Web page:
I recently tried to make a pavlova and I tried to cheat and use meringue powder. I just find it easier to measure than egg whites, which are notoriously hard to work with. That’s the one thing with baking, your measurements need to be exact in order for your recipe to work. Unfortunately it still did not work out for me. I didn’t receive the height that I wanted. Ever since becoming a food photographer I know often think about how what I’m cooking/baking is going to translate to a picture. I’m a total fan of ugly delicious food, but we eat with our eyes. I would be doing you guys a disservice by making ugly food. I usually save those ugly delicious shots for my Instagram stories.

At the end of my pavlova debacle I had a whole big-ass tub of meringue powder (my husband could only find the 16 oz. tub) that I needed to use. Inspired by the packaging, there was this fun, fluffy, swirl that graced the label. Then I remembered that meringue cookies were a thing. I ended up tweaking Wilton’s recipe for my meringue cookies. The only thing I really changed about this recipe was that I used lemon extract instead of vanilla. The only reason I changed it was because I couldn’t find clear imitation vanilla. But to be honest I like them way better with the lemon extract. The sourness of the lemon helps to tone down the sweetness of the cookies. They’re crunchy, chewy, light, and fluffy perfect accent to any dessert table.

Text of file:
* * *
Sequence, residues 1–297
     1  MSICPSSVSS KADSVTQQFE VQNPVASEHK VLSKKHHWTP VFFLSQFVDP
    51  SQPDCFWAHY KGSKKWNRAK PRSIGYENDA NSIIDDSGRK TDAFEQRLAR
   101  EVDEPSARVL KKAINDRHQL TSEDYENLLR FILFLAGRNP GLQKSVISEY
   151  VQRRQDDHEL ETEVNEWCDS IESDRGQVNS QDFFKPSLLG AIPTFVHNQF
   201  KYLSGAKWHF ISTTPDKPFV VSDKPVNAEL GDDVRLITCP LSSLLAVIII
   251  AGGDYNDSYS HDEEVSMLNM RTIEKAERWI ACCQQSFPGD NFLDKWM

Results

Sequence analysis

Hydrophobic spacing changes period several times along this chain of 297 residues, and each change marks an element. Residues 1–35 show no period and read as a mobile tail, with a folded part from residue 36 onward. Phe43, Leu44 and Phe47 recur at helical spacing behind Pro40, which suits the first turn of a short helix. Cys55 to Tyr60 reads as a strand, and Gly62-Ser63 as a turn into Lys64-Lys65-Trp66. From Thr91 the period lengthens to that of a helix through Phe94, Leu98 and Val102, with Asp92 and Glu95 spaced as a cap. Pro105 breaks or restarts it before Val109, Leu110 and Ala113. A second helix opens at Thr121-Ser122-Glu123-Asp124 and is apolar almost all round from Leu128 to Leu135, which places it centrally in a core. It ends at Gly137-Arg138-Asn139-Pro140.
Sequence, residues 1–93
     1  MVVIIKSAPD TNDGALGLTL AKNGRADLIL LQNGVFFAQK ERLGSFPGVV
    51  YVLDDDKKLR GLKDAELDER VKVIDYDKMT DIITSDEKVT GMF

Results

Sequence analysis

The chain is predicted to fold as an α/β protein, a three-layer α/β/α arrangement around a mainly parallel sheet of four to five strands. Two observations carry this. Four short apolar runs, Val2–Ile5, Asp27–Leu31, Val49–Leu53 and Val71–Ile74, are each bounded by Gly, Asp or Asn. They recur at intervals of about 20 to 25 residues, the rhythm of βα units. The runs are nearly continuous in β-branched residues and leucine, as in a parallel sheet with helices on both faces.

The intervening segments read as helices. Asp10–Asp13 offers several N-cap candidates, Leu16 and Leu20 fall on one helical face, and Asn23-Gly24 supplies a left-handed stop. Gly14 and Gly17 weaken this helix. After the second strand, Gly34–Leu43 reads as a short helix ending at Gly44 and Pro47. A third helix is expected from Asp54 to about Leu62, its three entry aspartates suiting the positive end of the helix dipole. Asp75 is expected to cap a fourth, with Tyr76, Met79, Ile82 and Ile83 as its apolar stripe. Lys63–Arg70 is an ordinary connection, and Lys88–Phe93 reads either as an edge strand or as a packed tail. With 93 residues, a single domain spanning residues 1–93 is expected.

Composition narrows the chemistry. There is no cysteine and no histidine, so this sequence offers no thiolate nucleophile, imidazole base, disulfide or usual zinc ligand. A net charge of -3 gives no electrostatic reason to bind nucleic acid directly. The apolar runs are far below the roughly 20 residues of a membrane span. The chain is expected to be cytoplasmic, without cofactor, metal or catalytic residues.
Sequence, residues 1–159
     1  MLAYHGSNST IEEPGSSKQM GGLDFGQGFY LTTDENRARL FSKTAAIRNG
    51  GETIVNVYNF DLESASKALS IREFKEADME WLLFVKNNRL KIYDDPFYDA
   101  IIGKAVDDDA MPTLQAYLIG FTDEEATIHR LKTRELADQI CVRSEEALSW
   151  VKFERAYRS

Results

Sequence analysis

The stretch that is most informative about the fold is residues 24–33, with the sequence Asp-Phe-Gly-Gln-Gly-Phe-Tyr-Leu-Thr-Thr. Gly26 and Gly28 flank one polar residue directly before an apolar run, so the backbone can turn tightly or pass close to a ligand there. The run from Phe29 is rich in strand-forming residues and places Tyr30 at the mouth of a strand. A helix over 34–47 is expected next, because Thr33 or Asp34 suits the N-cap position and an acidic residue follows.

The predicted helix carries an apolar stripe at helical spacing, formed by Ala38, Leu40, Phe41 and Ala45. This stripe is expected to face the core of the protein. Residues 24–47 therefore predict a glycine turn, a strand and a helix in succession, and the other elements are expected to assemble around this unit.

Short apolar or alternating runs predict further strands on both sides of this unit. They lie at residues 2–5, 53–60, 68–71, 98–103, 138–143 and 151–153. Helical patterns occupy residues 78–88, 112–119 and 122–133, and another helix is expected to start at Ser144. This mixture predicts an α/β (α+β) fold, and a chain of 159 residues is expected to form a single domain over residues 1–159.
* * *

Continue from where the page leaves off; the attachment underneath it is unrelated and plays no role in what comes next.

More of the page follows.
Lemon Meringue Cookies


1/4 cup Meringue Powder, 4 oz. Egg White Substitute

2 teaspoons lemon extract

1/2 cup water

1-1/3 cups granulated sugar

Favorite icing color


Preheat oven to 250°F. Prepare cookie pans with parchment paper.